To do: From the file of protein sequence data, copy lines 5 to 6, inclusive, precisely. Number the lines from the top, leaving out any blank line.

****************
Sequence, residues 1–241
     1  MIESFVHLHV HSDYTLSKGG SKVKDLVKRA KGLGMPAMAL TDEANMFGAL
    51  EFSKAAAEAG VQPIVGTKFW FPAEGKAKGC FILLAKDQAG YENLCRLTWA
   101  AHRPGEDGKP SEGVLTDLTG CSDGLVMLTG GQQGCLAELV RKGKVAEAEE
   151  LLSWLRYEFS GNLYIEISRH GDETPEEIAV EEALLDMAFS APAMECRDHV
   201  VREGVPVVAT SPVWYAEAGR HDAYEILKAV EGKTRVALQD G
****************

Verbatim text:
   151  LLSWLRYEFS GNLYIEISRH GDETPEEIAV EEALLDMAFS APAMECRDHV
   201  VREGVPVVAT SPVWYAEAGR HDAYEILKAV EGKTRVALQD G